Immigration and Refugee Board of Canada: China: Situation of Falun Gong practitioners and treatment by state authorities (2001-2005)

By Immigration and Refugee Board of Canada

China: Situation of Falun Gong practitioners and treatment by state authorities (2001-2005) (Excerpts 1)

By Immigration and Refugee Board of Canada

October 31, 2005


Situation of Falun Gong Practitioners and Government Response since 2000

A government campaign against Falun Gong practitioners (Chang 2004, 18; International Religious Freedom Report 2001 26 Oct. 2001, Sec. 2), purportedly with the aim of sending all remaining adherents into custody and forcing them to renounce the movement, unfolded in the aftermath of 23 January 2001 (ibid.). On that day, a group of alleged Falun Gong practitioners set themselves on fire in Tiananmen Square (AFP 31 Jan. 2001; Asia Times Online 10 Apr. 2002; Chang 2004, 16). However, Falun Gong spokespersons denied that the people involved in the immolations were practitioners (ibid; AFP 31 Jan. 2001; Chang 2004, 18; CNN 24 Jan. 2001), and argued instead that the government had staged the incident (AFP 11 July 2002; NTD TV 2001).

In February 2001, following a high-level meeting of the Communist Party Central Committee, then-President Jiang Zemin reportedly instructed local and provincial authorities to “strengthen local control over Falungong practitioners” (HRW Jan. 2002, 35). Practitioners who actively engaged in Falun Gong were ordered detained, and all sectors of society were to play their part in ensuring that Falun Gong practitioners recanted their beliefs (ibid., 36; see also Chang 2004, 18-19; International Religious Freedom Report 2001 26 Oct. 2001, Sec. 2).

Two subsequent self-immolations were reported (Chang 2004, 17, 21). Maria Hsia Chang wrote in The End of Days that one self-immolation occurred on 16 February 2001 in a residential neighbourhood of Beijing (Chang 2004, 17). Another self-immolation was reported on 1 July 2001 by Xinhua News Agency, which maintained that a 19 year-old adherent of Falun Gong had set himself on fire in an attempt to rid himself of evil and reach a “higher level” of the practice (ibid., 21).

While practitioners reportedly held frequent demonstrations in Hong Kong, where Falun Gong remained legal (AP 21 Jan. 2004), in Beijing, daily, “small-scale” protests by practitioners, which had been taking place since the 1999 ban, came to an end following the January 2001 self-immolations incident (AFP 11 July 2002; HRW Jan. 2002, 36). By December 2001, HRW reported, the Chinese government had “completely shut down public practice and demonstrations” by practitioners (Jan. 2002, 43). Indeed, as a result of the risks for those involved, public demonstrations have become rare (Mosher 22 June 2005; Rachlin 23 June 2005).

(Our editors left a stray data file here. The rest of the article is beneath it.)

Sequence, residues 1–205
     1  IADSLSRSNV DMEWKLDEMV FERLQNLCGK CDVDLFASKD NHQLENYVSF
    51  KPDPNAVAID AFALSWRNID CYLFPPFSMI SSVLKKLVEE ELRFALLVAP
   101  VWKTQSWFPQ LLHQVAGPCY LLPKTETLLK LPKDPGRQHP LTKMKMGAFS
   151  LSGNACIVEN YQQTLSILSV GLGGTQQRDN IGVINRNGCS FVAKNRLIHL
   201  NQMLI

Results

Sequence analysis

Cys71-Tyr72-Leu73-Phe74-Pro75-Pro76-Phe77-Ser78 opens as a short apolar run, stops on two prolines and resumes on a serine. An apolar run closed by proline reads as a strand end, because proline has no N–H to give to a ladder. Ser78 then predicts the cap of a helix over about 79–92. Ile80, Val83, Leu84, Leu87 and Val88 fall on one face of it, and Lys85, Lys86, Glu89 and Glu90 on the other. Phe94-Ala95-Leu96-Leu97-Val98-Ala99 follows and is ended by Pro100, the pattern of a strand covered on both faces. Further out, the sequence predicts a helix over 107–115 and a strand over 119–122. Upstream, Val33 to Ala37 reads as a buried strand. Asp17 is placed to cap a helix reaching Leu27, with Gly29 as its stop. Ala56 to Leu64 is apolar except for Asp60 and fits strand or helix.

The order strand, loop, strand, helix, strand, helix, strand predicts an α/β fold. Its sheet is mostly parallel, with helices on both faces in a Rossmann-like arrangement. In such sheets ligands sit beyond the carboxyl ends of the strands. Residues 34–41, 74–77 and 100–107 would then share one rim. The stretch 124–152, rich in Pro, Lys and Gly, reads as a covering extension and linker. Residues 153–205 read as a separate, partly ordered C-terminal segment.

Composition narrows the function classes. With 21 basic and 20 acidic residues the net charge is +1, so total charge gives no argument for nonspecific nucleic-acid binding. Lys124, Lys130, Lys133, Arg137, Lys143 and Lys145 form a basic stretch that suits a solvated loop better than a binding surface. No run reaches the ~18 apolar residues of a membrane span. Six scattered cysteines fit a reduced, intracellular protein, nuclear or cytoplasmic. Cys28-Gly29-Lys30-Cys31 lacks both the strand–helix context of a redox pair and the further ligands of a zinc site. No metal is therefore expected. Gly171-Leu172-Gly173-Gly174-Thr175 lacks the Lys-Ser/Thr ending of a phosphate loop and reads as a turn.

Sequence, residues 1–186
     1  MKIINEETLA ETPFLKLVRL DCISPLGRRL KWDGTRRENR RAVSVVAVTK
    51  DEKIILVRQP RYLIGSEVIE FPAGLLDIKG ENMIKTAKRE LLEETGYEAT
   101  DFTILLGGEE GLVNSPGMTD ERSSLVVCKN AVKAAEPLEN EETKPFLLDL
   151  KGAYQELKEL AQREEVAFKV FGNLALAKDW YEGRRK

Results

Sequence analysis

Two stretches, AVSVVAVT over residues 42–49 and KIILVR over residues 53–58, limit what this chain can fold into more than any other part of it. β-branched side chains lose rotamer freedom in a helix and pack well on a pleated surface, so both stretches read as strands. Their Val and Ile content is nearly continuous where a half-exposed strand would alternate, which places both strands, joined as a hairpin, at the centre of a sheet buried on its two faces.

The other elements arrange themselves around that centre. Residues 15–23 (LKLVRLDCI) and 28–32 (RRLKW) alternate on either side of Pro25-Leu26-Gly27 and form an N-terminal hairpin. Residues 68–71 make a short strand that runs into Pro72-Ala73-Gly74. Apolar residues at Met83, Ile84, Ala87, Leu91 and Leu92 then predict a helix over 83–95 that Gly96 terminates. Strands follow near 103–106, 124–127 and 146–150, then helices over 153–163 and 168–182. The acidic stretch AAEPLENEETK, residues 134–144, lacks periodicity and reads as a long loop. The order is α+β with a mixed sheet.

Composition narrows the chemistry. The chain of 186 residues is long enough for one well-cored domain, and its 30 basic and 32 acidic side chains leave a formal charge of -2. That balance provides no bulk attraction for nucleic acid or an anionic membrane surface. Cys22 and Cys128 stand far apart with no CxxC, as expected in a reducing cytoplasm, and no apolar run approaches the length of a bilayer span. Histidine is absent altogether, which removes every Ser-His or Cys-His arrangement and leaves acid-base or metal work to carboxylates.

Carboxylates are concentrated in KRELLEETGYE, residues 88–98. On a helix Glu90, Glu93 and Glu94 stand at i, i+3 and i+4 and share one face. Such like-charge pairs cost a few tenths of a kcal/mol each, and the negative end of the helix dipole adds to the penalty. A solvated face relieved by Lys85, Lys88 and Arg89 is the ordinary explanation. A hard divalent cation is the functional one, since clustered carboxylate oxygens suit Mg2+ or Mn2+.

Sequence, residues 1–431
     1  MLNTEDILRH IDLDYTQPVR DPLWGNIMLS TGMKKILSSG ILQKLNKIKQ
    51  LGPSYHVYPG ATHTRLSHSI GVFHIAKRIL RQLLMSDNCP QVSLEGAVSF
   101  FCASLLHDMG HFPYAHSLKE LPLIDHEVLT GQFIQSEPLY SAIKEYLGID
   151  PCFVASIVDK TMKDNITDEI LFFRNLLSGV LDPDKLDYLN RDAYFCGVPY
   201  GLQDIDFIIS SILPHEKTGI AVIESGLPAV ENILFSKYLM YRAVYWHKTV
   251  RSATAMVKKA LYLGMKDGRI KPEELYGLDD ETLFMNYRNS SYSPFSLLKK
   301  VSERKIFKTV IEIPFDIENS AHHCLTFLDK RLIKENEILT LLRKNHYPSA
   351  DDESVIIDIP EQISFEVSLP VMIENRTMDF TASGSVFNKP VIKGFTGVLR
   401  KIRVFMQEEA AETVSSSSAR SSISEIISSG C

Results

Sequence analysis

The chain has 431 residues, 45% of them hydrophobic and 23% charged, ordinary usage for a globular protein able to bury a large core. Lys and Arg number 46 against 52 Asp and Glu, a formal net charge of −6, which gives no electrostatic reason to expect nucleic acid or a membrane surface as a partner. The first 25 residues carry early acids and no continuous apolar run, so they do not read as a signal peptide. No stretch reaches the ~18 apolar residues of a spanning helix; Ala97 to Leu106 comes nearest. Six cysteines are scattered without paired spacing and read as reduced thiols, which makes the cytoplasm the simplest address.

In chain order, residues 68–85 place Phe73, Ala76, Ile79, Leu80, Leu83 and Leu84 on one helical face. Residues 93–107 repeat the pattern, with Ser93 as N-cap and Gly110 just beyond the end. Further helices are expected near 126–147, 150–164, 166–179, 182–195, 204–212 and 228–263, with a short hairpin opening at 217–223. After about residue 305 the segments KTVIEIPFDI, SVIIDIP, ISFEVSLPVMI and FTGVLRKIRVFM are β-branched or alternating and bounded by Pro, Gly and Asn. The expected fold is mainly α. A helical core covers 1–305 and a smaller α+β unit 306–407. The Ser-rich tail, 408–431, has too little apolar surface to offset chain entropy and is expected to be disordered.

“Transformation” Centres

In January 2001, following the self-immolations, the 610 Office issued a country-wide order to neighbourhood committees, government institutions and companies to send Falun Gong practitioners to intensive study sessions in order to induce them to renounce their beliefs (China Rights Forum Fall 2001; US June 2004, 11). So-called “transformation” centres, which fall outside the reach of the judiciary, were set up at the provincial level to compel practitioners to abandon Falun Gong (HRW Jan. 2002, 58). The International Religious Freedom Report 2001 claimed that authorities made local officials, family members and employers responsible for preventing known practitioners from engaging in Falun Gong-related activities (26 Oct. 2001, Sec. 2); schools and employers were required to monitor Falun Gong practitioners and have them sign a statement of renouncement (Rachlin 2 Dec. 2003). If the practitioners refused, they were to be turned in to the local police (ibid.). Grace Wollensak, a representative of the Falun Dafa Association of Canada (FDAC), commented that because employers were not allowed to have Falun Gong practitioners among their workforce, many were compelled to fire practitioners or send them to “transformation” centres (29 June 2005a). According to the representatives of both HRIC and FDI, by 2005 these policies had not changed (Mosher 22 June 2005; Rachlin 23 June 2005), though their implementation had become “more secretive” (ibid.). Wollensak commented that “there are many cases [of] practitioners [having] lost their jobs” but she did not provide any examples (29 June 2005a). The US Department of State reported in June 2004 that “[t]housands of individuals may still be undergoing criminal, administrative, and extra-judicial punishment for engaging in Falun Gong practices, admitting adherence to it, or simply refusing to condemn it” (US June 2004, 12).


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  1. The above are excerpts from the original article published here. [return]